Commentary: With Trump picking Pence, it’s unclear who’s playing nice with whom

Conservatives would like to believe that, by naming Indiana Governor Mike Pence as his running mate, presumptive Republican nominee Donald Trump is making a concession to them.

Donald Trump (R) and Indiana Governor Mike Pence (L) wave to the crowd during a campaign stop at the Grand Park Events Center in Westfield, Indiana, July 12, 2016. REUTERS/John Sommers II

They have it backward. It’s really a ploy by Trump to keep conservatives under control.

Pence was a tactical, not an ideological, move. Trump don't need no stinking ideology.  As he put it, “This is called the Republican Party. It's not called the conservative party.”

Trump keeps insisting that he is a master negotiator. In negotiations, sometimes you have to give up a little to show how reasonable you are. Trump’s objective is to placate conservatives just enough to keep them from disrupting the convention.

Trump is not worried about protests in the streets outside the convention hall. That would just bolster his effort to fashion himself as a “law-and-order” candidate. He’s worried about dissension inside the arena, from conservatives who refuse to accept him as their nominee.

Trump is running as a strongman. He is constantly attacking President Barack Obama as “weak.” Voters will have trouble believing that Trump will be able to control national events if they don’t think he can control his own party during the convention.

Conservatives have struggled for more than 50 years to take over the Republican Party. This year was supposed to be their final triumph. Their initial victory came with the election of Ronald Reagan in 1980. In order to keep peace in the party, Reagan put George H.W. Bush, a total establishment Republican, on the ticket.

Bush succeeded Reagan as president, and Bush’s son, George W. Bush, went on to win eight years later. Conservatives, however, sensed backsliding under the Bushes. The Tea Party movement broke out in 2010 to purify the party and reassert conservative dominance.

So 2016 was supposed to be a showdown between former Florida Governor Jeb Bush, the candidate of the old party establishment, and Senator Ted Cruz of Texas, the hero of the Tea Party.

But Trump rallied his populist army and overwhelmed them both, leaving “low energy” Jeb and “lyin’ Ted” whimpering in the dust. Trump subdued the party establishment and the anti-establishment Tea Party at the same time.

Pence is the total Tea Party candidate. When he was in Congress, he refused to support the George W. Bush administration on the No Child Left Behind law, on the expansion of Medicare to cover prescription drugs and on the Wall Street bailout. Pence is about as far right as you can get in American politics without falling off the edge.

The media is making a huge deal over Pence's differences with Trump on trade, the war in Iraq, abortion, gay rights and immigration. He has criticized Trump's plan to ban Muslim immigrants as “offensive and unconstitutional” because it violates religious freedom.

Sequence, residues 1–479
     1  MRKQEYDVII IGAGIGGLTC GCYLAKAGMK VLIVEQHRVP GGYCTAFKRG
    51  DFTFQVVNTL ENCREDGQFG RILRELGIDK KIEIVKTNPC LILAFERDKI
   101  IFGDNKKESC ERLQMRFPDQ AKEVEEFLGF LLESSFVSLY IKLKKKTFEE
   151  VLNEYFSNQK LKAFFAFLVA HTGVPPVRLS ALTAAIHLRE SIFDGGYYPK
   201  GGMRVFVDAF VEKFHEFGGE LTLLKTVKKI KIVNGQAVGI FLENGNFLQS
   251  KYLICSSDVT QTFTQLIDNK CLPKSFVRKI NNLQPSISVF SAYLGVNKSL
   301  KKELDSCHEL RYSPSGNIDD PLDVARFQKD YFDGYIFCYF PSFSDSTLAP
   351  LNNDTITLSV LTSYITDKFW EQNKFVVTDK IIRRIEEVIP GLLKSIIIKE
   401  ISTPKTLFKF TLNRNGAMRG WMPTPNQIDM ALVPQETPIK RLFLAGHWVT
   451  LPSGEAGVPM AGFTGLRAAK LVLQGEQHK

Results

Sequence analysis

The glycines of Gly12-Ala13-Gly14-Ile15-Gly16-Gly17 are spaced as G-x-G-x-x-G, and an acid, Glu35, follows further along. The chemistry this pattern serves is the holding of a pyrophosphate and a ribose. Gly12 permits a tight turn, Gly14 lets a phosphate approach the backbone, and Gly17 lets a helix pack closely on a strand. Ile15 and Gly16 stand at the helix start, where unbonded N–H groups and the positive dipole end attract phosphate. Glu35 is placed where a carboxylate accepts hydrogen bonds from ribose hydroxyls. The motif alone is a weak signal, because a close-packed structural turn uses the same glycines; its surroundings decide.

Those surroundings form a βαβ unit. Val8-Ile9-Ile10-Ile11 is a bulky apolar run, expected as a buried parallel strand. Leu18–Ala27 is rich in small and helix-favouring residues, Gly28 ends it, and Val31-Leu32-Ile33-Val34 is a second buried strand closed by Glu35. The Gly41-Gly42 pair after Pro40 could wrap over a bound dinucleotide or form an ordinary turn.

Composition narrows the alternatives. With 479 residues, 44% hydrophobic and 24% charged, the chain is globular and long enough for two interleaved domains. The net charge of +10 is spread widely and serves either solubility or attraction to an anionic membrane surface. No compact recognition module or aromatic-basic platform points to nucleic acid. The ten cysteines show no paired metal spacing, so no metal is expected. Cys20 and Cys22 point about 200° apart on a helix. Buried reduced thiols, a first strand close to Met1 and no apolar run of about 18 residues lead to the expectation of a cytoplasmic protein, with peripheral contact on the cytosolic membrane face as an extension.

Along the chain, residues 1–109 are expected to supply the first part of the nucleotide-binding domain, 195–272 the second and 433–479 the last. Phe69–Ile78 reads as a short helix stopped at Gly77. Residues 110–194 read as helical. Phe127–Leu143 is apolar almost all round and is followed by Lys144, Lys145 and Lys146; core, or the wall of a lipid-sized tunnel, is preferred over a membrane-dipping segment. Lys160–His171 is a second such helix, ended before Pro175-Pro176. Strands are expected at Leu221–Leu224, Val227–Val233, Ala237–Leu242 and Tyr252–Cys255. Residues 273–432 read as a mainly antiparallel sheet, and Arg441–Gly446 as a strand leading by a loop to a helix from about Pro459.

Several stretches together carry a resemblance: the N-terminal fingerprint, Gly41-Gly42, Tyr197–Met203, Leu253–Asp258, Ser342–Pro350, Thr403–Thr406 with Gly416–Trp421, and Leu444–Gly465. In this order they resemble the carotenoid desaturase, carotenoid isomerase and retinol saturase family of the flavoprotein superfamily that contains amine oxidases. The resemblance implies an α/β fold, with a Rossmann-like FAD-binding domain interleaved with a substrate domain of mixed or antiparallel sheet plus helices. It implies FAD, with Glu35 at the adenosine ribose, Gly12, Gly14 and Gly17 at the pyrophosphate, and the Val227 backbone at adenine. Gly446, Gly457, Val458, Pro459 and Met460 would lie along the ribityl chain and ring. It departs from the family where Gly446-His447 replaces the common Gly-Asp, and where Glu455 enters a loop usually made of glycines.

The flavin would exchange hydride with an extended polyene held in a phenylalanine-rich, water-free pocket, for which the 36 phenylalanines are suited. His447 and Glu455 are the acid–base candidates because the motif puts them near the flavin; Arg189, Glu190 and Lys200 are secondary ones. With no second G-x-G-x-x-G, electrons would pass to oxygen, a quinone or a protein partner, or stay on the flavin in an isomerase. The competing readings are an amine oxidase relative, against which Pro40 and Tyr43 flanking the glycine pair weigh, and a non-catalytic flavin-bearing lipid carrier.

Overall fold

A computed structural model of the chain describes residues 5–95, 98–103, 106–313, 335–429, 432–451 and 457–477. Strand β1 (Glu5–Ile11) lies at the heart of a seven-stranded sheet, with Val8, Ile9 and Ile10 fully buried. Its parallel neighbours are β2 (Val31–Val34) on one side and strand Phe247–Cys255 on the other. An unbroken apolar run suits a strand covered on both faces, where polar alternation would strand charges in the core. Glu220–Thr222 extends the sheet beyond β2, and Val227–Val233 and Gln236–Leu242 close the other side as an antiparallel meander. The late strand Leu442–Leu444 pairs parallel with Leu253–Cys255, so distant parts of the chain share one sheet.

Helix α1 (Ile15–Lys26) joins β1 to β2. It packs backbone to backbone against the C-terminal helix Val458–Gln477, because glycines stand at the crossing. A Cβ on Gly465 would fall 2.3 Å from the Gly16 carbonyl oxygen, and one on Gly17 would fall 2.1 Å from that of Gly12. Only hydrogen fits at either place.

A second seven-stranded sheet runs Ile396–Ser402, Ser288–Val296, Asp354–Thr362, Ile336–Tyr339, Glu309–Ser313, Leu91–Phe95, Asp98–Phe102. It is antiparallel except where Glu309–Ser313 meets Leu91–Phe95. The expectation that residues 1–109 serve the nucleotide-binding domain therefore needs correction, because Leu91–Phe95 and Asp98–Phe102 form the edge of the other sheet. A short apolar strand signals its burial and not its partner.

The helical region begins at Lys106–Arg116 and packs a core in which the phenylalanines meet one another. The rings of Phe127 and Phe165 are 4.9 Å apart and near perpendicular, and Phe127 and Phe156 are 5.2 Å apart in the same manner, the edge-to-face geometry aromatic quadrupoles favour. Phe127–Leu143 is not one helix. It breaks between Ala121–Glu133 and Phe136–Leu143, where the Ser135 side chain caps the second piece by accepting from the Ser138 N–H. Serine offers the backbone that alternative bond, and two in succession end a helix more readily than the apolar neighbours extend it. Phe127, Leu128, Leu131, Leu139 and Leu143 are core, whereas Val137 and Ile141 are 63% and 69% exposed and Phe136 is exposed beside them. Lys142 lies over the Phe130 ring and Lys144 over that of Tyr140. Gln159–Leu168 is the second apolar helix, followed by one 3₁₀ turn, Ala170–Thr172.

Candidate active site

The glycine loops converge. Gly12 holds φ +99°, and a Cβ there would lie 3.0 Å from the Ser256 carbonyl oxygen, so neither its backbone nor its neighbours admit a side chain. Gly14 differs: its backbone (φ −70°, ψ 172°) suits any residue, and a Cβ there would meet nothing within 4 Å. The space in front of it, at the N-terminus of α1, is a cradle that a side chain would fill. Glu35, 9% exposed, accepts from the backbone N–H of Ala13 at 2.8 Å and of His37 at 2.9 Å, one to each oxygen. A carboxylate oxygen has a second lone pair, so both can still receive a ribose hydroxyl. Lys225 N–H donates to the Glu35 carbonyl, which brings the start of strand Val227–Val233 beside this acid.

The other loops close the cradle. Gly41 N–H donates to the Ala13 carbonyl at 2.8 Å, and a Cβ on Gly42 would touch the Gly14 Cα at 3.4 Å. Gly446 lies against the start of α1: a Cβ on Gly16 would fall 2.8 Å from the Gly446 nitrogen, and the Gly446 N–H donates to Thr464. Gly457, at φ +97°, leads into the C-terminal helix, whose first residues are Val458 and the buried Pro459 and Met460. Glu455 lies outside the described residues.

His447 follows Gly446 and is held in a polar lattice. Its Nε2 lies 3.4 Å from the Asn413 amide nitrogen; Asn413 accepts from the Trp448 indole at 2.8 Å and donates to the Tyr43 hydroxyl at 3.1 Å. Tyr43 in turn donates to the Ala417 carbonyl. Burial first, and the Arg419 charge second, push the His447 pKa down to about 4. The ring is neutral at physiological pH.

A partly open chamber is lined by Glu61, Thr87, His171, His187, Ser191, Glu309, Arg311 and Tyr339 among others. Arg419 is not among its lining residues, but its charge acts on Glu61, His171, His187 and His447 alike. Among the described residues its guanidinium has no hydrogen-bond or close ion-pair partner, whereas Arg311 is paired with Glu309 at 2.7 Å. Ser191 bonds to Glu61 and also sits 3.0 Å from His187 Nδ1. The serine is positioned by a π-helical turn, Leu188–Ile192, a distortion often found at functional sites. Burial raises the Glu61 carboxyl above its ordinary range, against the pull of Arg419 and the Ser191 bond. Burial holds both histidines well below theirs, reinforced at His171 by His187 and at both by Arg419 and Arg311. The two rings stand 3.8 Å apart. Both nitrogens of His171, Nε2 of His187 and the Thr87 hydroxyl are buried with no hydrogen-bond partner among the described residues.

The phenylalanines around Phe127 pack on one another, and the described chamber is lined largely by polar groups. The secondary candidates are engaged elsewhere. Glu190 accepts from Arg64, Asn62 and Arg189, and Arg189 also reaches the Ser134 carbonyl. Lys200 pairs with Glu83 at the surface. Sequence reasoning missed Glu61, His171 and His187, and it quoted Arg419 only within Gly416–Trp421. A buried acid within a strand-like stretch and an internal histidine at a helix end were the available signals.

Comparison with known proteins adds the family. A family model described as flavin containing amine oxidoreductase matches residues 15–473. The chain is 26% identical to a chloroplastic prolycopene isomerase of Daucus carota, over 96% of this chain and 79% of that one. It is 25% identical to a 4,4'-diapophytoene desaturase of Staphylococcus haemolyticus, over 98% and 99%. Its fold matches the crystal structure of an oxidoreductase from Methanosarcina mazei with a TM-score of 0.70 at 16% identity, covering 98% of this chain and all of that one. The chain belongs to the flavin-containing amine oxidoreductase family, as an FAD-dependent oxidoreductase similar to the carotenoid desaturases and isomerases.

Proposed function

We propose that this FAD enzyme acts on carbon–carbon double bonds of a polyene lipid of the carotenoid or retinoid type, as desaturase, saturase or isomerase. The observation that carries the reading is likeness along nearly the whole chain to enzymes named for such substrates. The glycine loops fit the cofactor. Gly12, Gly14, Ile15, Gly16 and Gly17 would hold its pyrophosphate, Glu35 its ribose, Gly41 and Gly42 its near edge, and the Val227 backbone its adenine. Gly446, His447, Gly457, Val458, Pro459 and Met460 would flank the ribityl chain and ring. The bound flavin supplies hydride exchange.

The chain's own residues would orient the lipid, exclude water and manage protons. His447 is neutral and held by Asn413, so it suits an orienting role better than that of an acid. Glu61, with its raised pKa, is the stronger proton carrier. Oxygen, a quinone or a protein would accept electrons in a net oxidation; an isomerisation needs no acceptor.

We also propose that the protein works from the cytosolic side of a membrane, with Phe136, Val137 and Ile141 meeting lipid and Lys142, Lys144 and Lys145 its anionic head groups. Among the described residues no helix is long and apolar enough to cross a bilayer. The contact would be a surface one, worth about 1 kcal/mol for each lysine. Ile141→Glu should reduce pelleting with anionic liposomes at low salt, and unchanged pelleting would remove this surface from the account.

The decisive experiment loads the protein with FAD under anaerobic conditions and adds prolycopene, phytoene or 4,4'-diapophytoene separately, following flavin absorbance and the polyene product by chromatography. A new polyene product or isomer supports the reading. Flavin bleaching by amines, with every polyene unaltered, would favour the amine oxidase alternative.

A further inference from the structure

Trump doesn't give a damn. He's the boss, and Pence is going on the ticket on Trump's terms. Trump barely paid attention to Pence when he introduced him as his running mate on Saturday - not even staying on stage to hear Pence's brief remarks.

When the subject of Pence's differences with Trump came up in a CBS interview, Trump dismissed the question. “We're different people,” Trump asserted. “I understand that. I'll give you an example: Hillary Clinton is a liar.” Meaning, you want differences, I'll show you differences.

Republicans who believe they have a political future didn’t want to go on the ticket with Trump. He might lose by a landslide, and that would be the end of their career.

Why did Pence agree to do it? Because like the other finalists – former House Speaker Newt Gingrich and New Jersey Governor Chris Christie – Pence didn’t have much of a political future. It looked as if he could lose his bid for re-election in Indiana.

Now if Trump wins, Pence will be set up to become the next Republican candidate for president. And if Trump loses? Pence will still be a strong contender for the next Republican nomination, though he’s likely to face a battle with Cruz. The point is, Pence will probably not be blamed for Trump’s defeat.

But can Pence convince conservatives that Trump is really one of them? That will be tough, particularly after Cruz speaks at the convention and lays out a “non-Trump vision” for the future of the GOP. If conservatives see Pence as contaminated by Trump, he risks blowback. 

Pence has already faced criticism from the right for “melting in the heat” when he backed away from the Religious Freedom Restoration Act in Indiana last year.

Could Trump actually get elected? It's not likely, but it's not impossible. He will have to run on the “change” issue. As a senior adviser to Senator John McCain’s 2008 presidential campaign put it, “All of Trump's recent mistakes will be wiped away if the convention coherently frames this race as ‘change versus more of the same.’”

The demand for change could become powerful if the wave of horrifying domestic violence and terrorist incidents continues.

There's a story going around that Trump is more interested in winning than in governing. If he gets elected, the arguments goes, Trump might refuse to serve. “I'll let you know how I feel about it after it happens,” he told the New York Times

If that were to happen, Vice President Pence would take over. And Tea Party conservatives would dance in the streets.

About the Author

Bill Schneider is a visiting professor in the Communication Studies Department at the University of California – Los Angeles.

The views expressed in this article are not those of Reuters News.